Isaac Newton by James Gleick | Review
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Published: Tue, 10 Apr 2018
- Trusha Patel
Isaac Newton by James Gleick
Isaac Newton was the most famous scientist of his generation and one of the most recognizable physicists of all time. He accomplished amazing feats; he “pushed open a door that led to a new universe” (8). Some of his major achievements include the application of the law of gravity to the motion of planets, the path of comets, and the influence of the moon on ocean tides. Gleick’s biography attempts to clearly portray for the reader the entirety of Newton’s life – his successes, his shortcomings, his obsession with both science and the non-scientific, and his good as well as bad mixture of qualities. Gleick successfully presents Newton’s life about as well as one could conceive it being presented in 191 pages.
One of Gleick’s greatest successes is his emphasis on Newton’s true characteristics. Students are taught that Newton was some sagacious man who believed in the welfare of humanity. Gleick, on the other hand, portrays Newton as how he thought Newton truly was: solitary, selfish, and paranoid even though he was extremely brilliant. The author states, “Isaac Newton said he had seen farther by standing on the shoulders of giants, but he did not believe it. He was born into a world of darkness, obscurity, and magic; led a strangely pure and obsessive life, lacking parents, lovers, and friends; quarreled bitterly with great men crossed his path; veered at least once to the brink of madness…and yet discovered more the of the essential core of human knowledge than anyone before or after” (3). These insightful descriptions of Newton’s state of mind widen the reader’s perspective on his life. They make the reader think of Newton beyond his scientific thoughts.
Gleick describes Newton’s scientific and non-scientific pursuits. He specifically points out that Newton did not discover the entirety of motion with the falling of the apple. It took a long time with complex thinking and developments before Newton theorized gravitation. Newton had spent time learning about other concepts like optics as well.
The author also sheds light on Newton’s obsession with the occult alchemy as well as with his repudiation of Trinitarianism. Furthermore, Gleick mentions Newton’s participation in Parliament and his control of the British mint. These actions help the reader understand Newton’s motivations.
Gleick also does not refine the language from back in the day to make it modernized. Instead, he presents quotations in the original English from which they came. This becomes increasingly important when readers reach the section on the Principia because it would greatly connect to their physics studies if they were to read the original form of Newton’s laws and their implications. Gleick quotes, “Absolute, true, and mathematical time, in and of itself, and of its own nature…flows uniformly” (125). Gleick portrays Newton’s standardization of the term time. Through reading the seventeenth century language, science students become aware of the importance of precise language in physics.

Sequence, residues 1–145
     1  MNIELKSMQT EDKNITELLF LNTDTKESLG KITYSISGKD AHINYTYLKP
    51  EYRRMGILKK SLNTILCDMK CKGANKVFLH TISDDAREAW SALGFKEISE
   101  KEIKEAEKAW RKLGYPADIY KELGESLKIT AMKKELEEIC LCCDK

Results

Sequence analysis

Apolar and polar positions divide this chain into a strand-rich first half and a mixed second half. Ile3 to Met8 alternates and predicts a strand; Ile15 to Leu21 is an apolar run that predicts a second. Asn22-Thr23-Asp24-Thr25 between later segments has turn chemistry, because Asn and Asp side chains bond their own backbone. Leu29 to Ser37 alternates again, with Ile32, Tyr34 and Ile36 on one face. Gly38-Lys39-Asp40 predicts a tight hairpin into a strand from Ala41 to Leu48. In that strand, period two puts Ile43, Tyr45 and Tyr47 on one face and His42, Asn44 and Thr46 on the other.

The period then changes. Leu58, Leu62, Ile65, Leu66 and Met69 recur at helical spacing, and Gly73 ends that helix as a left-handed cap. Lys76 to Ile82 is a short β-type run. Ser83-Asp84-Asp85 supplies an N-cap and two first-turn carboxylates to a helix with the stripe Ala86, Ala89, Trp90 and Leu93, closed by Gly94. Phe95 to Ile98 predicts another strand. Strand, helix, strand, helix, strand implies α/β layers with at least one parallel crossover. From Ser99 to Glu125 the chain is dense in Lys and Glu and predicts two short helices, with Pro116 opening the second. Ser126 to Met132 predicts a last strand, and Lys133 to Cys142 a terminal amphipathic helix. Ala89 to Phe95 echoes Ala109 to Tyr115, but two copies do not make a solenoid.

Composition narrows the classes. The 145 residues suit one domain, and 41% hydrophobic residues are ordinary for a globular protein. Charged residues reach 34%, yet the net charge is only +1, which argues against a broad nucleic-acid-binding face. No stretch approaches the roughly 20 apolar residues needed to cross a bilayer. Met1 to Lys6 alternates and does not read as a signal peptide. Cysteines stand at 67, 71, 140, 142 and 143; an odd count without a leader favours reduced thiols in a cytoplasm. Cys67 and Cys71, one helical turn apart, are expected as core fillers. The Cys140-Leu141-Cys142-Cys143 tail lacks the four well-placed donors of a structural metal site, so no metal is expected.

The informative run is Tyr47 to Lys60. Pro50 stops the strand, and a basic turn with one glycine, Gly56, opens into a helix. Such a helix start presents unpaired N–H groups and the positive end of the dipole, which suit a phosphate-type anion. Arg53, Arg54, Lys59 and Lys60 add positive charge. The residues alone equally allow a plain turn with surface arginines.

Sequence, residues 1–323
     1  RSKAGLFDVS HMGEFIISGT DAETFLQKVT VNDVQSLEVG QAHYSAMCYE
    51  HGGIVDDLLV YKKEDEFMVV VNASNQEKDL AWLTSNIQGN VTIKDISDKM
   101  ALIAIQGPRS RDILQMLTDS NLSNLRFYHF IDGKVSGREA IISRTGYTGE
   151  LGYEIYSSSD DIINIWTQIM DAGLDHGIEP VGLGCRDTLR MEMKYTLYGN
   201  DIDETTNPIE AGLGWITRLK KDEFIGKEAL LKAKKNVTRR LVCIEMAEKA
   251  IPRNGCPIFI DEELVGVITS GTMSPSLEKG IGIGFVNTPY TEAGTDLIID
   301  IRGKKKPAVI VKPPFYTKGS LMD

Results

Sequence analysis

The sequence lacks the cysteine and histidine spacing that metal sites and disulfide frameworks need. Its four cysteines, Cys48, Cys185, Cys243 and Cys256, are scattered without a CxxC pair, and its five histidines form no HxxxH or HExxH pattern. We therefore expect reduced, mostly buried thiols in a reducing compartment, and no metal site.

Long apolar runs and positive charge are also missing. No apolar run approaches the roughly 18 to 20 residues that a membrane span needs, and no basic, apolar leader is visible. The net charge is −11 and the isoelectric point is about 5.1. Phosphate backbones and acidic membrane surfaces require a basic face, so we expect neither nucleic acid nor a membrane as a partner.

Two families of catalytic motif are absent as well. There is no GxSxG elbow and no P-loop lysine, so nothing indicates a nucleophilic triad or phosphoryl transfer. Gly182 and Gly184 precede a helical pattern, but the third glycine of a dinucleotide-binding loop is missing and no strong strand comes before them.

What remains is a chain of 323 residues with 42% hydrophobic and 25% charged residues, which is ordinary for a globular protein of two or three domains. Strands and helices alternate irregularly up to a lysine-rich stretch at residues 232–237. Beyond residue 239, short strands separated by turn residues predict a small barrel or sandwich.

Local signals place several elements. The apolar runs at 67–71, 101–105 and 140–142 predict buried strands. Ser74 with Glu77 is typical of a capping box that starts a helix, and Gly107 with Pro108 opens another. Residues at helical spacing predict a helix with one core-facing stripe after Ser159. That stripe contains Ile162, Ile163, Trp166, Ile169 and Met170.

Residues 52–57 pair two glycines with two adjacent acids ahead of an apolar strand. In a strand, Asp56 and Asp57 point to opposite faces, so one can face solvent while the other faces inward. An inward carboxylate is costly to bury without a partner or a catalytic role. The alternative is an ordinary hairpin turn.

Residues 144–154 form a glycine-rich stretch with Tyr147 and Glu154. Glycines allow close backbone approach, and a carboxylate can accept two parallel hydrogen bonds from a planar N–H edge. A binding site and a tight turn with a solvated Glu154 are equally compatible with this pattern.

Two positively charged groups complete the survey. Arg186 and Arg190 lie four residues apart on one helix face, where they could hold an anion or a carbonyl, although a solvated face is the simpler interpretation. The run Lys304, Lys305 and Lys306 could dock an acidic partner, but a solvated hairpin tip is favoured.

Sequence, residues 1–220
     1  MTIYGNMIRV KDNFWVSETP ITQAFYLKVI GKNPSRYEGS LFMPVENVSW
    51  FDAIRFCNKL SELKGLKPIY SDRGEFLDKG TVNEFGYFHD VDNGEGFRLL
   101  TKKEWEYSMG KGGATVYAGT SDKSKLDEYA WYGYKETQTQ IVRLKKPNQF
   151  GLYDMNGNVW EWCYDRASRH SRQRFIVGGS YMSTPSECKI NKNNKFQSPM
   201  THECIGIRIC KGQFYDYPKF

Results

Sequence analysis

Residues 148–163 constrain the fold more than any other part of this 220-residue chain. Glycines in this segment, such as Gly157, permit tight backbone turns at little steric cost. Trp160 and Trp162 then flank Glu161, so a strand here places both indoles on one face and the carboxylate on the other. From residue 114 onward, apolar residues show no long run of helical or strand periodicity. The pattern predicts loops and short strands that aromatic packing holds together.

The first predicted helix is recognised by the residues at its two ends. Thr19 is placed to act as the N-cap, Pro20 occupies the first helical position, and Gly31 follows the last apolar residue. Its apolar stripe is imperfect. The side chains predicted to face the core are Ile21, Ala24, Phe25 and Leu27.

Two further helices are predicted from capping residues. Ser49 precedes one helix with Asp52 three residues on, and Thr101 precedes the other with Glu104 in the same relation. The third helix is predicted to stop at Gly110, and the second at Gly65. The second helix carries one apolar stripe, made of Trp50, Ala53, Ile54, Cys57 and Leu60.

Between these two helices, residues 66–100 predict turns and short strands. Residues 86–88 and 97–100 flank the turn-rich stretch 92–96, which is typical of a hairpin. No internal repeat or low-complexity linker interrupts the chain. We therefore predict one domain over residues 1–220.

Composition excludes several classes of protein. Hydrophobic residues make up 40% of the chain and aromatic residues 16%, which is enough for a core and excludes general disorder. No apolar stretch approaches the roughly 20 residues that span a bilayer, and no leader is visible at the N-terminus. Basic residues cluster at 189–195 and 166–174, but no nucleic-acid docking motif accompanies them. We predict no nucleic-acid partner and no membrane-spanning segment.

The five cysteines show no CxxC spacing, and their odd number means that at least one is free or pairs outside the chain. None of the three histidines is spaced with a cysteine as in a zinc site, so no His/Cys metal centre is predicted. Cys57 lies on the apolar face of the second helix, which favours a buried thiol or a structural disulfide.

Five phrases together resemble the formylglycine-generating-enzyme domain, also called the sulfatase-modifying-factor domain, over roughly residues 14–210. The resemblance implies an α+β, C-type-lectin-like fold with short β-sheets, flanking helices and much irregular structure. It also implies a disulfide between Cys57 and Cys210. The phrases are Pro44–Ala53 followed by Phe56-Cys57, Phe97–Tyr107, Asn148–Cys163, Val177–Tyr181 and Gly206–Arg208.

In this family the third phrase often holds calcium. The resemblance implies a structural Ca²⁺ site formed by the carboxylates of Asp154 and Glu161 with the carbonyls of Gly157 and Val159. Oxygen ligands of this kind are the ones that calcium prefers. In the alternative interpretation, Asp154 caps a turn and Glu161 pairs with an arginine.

Gleick’s biography provides a complete portrayal of Newton from his peculiarities to his perseverance. The reader can readily perceive the change that occurred after Newton’s renovation of science. Gleick tells the reader, “What Newton learned remains the essence of what we know…We are Newtonians” (6). Through this book, we learn the origin of Newton’s thoughts which led to such a revolution in scientific thought.
Newton’s life was shaped significantly by the world he lived in, and this molded the science that was churned out of his brilliant mind. Newton was born in the Woolsthorpe farm in England. Newton’s mother was widowed when Newton was only three years old. She married the wealthy Barnabas Smith, who did not want any kids. Newton ended up being raised by his grandmother. He grew up to be a shy schoolboy; “he was small, lonely, and abandoned” (11). Newton’s solitude would later lead to his incredible theories of the natural world. As a young boy, Newton spent his time learning about the workings of sundials and the movement of the night sky, noting observations that would later lead to his theory of gravitation. When Newton’s step-father died, his mother Hannah returned and sent the ten-year-old Newton to another school.
In Newton’s new school, he was taught Latin and mathematics by Henry Stokes. He lived with the apothecary Clarke who furthered his scientific curiosity. All of these things along with his personal studies of light were inscribed in a notebook. Newton had learned the roots of scientific inquiry at an early age: he was classifying and analyzing at a very young age. When Newton was sixteen, his mother called him home to be a farmer, but he failed. As a result, Newton attended the prestigious University of Cambridge in Trinity College where he would later become famous. During his first three years at Cambridge, Newton was taught the standard curriculum but was fascinated with the more advanced science. All his spare time was spent reading from the modern philosophers. Even though he was a top student, Newton was reprimanded for religious negligence in a remarkably Anglican institution.
Newton studied the Aristotelian worldview in which a force was necessary to keep an object in motion. He absorbed himself in the Trinity College library and “found his way to new ideas and polemics: from the French philosopher René Descartes, and the Italian astronomer Galileo Galilei” (25). Both philosophers defied Aristotle explicitly; Descartes proposed geometrical and mechanical philosophy, while Galileo claimed that all bodies are made of the same stuff, which is heavy, and therefore fall at the same rate.
In Newton’s second year, he started a new section about philosophical questions he had. The first was if atoms exist. Was matter continuous and infinitely divisible, or discontinuous and discrete? Is space finite or infinite? What is the nature of motion and light? Why do objects fall? From matter to motion, to light, to the structure of cosmos, Newton had ideas about everything. Newton concluded that force causes motion. He also occupied himself with the concepts sound, memory, magnetism, heat, and the tides.